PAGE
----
While on our holiday, the wee girl made a friend at the pool. They started to play a game together. He was a Chinese boy, visiting from China. She learns Mandarin at school, but only a year's worth so far. The game involved her counting to him in Chinese, he counted back in English and then hand signals did the rest of the game planning.
One of my favourite things when travelling, is watching the kids play with other kids who don't share the same language. It's amazing what games can be organised when the participants are prepared to make themselves understood through action rather than words. It's a shame we become less resourceful with age...
Little kids don't seem to be restricted by the idea that they don't speak a common language. Adults, on the other hand, even with a little of the language, are often self conscious about their ability to speak it, and so we shut ourselves off from interacting with others, and maybe miss out on seeing the world from a different perspective.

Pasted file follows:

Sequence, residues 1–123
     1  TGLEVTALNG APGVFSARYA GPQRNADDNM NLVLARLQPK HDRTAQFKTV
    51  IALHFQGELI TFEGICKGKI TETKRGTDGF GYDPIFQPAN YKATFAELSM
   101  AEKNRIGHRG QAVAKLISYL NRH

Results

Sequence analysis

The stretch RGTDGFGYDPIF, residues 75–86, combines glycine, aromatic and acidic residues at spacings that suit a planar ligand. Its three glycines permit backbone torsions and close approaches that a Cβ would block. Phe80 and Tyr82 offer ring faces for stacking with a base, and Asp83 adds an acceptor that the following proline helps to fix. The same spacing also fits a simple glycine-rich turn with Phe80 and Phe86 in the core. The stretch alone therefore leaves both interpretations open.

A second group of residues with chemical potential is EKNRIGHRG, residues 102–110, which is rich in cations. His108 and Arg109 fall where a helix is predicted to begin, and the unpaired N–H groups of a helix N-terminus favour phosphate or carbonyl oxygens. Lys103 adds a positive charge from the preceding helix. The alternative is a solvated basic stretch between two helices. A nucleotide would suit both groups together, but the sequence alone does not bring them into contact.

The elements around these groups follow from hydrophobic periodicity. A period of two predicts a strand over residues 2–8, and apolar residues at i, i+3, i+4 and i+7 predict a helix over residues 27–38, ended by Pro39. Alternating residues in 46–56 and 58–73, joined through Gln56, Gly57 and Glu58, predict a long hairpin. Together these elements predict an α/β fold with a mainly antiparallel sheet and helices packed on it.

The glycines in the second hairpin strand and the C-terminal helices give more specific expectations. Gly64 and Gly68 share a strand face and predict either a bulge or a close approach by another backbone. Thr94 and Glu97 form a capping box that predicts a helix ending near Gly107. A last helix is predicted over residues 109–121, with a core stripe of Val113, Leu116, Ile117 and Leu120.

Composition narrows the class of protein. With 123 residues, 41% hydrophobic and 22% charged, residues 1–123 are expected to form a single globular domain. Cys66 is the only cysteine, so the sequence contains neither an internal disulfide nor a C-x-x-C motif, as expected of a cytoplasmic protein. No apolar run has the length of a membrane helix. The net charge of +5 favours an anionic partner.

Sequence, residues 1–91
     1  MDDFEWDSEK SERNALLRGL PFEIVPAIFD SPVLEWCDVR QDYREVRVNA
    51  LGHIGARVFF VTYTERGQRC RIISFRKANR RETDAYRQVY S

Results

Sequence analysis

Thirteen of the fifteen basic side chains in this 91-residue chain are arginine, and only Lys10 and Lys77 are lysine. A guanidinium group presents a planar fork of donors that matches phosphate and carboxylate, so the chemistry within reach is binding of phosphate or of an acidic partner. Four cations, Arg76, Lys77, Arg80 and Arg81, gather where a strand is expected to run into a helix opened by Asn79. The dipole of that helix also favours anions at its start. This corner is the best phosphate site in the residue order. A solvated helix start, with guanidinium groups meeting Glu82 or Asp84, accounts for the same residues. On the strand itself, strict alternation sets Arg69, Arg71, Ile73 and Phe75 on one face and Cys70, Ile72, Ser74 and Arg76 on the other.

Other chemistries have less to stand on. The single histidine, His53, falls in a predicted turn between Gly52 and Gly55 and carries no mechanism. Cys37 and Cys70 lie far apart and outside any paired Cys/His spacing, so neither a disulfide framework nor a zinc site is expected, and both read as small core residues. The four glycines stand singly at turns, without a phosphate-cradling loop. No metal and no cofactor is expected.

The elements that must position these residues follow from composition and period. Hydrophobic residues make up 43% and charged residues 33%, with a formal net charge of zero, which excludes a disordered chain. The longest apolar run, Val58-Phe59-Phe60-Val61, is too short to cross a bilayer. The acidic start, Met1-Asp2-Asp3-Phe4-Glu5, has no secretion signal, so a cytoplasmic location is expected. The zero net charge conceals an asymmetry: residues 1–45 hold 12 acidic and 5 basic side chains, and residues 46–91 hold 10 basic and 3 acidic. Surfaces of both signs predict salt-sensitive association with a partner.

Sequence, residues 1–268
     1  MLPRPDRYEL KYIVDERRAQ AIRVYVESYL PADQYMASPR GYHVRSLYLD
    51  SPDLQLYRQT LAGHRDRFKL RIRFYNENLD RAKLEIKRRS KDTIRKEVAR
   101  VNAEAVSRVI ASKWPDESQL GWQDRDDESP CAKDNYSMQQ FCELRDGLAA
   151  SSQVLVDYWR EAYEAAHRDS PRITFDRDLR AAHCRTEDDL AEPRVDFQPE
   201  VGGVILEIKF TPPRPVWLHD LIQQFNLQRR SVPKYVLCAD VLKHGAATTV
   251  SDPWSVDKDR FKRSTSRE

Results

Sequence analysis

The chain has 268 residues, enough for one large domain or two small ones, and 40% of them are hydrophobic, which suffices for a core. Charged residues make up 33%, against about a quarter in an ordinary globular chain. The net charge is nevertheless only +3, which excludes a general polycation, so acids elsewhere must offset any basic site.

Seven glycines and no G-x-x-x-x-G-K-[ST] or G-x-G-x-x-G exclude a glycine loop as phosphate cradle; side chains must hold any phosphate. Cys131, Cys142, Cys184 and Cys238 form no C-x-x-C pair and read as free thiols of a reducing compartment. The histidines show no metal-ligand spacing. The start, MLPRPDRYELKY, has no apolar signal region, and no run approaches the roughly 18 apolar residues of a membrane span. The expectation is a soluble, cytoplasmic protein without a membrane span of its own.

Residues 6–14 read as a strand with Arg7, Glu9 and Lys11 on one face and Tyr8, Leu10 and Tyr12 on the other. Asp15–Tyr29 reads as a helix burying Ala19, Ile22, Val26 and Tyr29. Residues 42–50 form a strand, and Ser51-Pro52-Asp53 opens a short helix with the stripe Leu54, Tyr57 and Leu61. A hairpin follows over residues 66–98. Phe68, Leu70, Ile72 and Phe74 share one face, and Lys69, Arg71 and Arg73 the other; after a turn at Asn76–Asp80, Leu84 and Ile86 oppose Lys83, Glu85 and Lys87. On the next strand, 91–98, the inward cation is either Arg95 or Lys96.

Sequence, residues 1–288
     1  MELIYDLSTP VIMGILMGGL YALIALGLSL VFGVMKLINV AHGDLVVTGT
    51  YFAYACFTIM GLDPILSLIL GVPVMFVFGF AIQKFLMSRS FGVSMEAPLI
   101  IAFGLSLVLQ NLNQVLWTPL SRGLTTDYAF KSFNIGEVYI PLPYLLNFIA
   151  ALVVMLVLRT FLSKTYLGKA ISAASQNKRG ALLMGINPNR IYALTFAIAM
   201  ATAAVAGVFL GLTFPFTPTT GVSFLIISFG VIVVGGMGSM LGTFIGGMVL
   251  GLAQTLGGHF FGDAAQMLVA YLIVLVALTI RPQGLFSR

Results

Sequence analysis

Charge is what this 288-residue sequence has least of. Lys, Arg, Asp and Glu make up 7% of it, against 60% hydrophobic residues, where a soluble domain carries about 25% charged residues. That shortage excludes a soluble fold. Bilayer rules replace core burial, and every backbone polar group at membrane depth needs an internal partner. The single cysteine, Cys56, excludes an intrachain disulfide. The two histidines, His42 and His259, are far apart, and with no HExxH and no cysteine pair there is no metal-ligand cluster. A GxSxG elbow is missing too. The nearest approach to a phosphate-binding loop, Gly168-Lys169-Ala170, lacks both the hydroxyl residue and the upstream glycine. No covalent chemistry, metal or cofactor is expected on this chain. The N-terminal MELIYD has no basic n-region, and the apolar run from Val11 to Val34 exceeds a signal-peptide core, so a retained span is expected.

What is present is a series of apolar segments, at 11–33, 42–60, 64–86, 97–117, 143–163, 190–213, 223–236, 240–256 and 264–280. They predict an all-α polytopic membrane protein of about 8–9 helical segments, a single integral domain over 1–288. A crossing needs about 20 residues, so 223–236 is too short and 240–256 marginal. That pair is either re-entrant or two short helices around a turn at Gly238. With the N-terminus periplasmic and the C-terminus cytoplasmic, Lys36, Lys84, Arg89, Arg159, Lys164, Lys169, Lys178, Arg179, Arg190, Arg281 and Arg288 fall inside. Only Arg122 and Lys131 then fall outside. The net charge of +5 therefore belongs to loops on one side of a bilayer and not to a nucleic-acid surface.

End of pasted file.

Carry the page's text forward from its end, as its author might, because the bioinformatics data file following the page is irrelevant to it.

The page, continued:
What makes us suddenly cut ourselves off from people, purely because we decide it's too hard to communicate?
When I was 23, I was on a small plane with only Japanese passengers and a French pilot. After we'd landed, the pilot came in and told me that the transfer was late, but it was coming (we had landed at a very small provincial airport). I then had to charade to the Japanese that it was all okay, and we would be late. At the tiny resort, all the Japanese would smile hello, and on tours out to the sites, they'd sit with me, even though we couldn't talk (but we could point things out to each other). A few days later, one of the staff came and said to me "Why do they all think you work here? They want to give you a tip". It's a fond memory for me, and a reminder that we don't need to limit ourselves.
I wonder if we saw ourselves as more universal and less 'us & them' if we'd have a more peaceful planet? It certainly couldn't hurt.
Linking with #MummyMondays